An example of a digital marketing dashboard

Measuring ROI of Paid Advertising in Higher Education

We'll help you understand what to measure, how to measure it, and how to apply what you've learned to future digital marketing campaigns.

For higher education digital marketers, understanding the return of marketing investments is critical. To demonstrate to stakeholders the value of paid media and organic campaigns, marketers must establish two criteria before launching a campaign:

  • A clear, agreed-upon vision and measure of success
  • An established process for measuring and reporting on tangible metrics of achievement

Digital marketing tracking tools provide a diverse set of metrics which are beneficial for garnering a multi-faceted view of campaign performance. However, if viewed in isolation, these metrics provide minimal value. These metrics must be viewed in the context of clearly defined goals and KPIs.

In this article, we’ll detail a path to defining KPIs and methods for reporting against these KPIs. We’ll help you think about:

  • What does success look like?
  • How do you measure it?
  • What metrics will demonstrate the marketing and enrollment goals of your brand?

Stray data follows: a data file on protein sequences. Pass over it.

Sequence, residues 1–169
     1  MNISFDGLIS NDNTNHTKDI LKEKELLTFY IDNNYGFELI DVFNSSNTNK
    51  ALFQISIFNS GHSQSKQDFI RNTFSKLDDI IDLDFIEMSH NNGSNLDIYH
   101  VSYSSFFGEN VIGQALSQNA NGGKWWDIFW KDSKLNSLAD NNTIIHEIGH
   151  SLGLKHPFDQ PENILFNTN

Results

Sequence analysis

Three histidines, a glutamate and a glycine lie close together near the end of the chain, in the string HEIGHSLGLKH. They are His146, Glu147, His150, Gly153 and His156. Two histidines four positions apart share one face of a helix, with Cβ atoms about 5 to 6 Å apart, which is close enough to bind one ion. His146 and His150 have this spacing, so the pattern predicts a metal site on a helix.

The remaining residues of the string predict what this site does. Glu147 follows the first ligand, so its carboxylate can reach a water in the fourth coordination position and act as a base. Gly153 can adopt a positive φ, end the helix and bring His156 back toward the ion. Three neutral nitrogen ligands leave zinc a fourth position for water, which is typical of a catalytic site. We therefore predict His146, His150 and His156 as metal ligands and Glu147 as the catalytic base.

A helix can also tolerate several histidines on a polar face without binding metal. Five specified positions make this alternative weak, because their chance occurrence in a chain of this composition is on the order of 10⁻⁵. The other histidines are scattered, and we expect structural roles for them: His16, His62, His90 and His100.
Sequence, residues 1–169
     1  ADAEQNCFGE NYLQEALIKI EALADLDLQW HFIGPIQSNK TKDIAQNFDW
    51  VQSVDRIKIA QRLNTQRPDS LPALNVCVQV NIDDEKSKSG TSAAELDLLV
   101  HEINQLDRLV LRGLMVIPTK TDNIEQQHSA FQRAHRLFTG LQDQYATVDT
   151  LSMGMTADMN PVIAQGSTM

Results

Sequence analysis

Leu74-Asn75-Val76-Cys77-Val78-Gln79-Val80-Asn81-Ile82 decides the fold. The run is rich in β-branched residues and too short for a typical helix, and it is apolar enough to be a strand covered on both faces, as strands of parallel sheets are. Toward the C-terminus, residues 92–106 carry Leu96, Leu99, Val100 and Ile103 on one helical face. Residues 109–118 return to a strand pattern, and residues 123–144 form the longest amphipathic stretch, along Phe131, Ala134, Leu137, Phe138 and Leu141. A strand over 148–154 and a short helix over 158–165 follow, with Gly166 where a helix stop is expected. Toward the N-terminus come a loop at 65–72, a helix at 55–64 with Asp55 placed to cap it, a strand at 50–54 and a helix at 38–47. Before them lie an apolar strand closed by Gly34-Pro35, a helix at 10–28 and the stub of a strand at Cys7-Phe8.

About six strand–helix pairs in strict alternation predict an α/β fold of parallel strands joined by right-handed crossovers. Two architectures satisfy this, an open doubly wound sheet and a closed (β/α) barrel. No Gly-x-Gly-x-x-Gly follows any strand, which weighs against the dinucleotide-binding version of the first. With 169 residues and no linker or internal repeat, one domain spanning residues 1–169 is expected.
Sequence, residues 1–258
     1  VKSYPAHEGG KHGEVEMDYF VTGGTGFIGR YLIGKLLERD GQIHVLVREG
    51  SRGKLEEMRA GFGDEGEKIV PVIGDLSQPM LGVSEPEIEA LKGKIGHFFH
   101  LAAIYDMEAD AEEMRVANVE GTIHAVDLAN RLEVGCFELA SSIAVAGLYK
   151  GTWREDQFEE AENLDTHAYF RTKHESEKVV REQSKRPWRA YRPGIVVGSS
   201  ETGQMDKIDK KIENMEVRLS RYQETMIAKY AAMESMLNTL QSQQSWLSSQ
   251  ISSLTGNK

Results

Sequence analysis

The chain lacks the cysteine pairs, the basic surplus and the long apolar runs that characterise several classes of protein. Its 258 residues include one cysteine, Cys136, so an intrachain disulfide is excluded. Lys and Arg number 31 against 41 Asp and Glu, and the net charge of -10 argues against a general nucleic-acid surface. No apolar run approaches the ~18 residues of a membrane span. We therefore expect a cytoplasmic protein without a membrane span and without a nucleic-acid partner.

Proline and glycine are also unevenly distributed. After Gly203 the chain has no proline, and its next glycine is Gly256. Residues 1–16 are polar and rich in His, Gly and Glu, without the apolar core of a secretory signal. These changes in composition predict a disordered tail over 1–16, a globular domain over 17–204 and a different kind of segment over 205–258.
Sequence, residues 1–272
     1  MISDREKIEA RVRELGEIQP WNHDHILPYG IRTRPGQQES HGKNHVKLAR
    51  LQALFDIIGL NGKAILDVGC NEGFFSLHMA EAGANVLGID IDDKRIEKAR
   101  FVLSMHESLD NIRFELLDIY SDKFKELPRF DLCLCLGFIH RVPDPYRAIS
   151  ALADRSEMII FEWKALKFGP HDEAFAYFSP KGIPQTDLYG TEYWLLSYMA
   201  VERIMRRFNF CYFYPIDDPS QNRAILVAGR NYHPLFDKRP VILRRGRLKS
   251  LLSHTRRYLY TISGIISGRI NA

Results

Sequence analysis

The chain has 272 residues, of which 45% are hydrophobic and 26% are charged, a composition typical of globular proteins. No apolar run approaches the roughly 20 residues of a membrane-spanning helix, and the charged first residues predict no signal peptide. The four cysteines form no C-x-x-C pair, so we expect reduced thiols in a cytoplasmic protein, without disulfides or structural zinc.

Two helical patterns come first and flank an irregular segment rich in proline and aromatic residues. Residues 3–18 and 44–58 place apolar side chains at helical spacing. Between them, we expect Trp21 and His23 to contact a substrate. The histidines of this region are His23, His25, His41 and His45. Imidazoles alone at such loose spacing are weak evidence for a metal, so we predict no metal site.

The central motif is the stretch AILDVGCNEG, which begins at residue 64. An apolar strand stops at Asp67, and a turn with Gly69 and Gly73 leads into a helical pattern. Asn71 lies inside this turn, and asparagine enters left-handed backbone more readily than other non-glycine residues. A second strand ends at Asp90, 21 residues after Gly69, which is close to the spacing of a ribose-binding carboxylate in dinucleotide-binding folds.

You Can’t Measure What You Don’t Define

When creating a paid advertising campaign, it is crucial to set goals that have a measurable action associated with them — you can’t measure what you don’t first define. 

Step 1: Set digital marketing campaign goals

Let’s start with goals. For an enrollment campaign this might mean your goals are one of the following:

  • Increasing brand/name recognition
  • Increasing interest (including inquiries, visits, or applications)
  • Increasing deposits

Let’s take an example. If your school doesn’t have strong search visibility or name recognition, you may want to set a campaign goal around brand awareness and interest in target areas. For brand awareness, you will want to measure impressions and brand lift.